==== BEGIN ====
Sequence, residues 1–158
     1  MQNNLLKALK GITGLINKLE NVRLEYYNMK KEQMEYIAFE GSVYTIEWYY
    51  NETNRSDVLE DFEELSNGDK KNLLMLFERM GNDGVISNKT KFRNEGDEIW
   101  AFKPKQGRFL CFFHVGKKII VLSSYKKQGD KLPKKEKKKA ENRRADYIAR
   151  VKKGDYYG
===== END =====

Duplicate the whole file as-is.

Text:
Sequence, residues 1–158
     1  MQNNLLKALK GITGLINKLE NVRLEYYNMK KEQMEYIAFE GSVYTIEWYY
    51  NETNRSDVLE DFEELSNGDK KNLLMLFERM GNDGVISNKT KFRNEGDEIW
   101  AFKPKQGRFL CFFHVGKKII VLSSYKKQGD KLPKKEKKKA ENRRADYIAR
   151  VKKGDYYG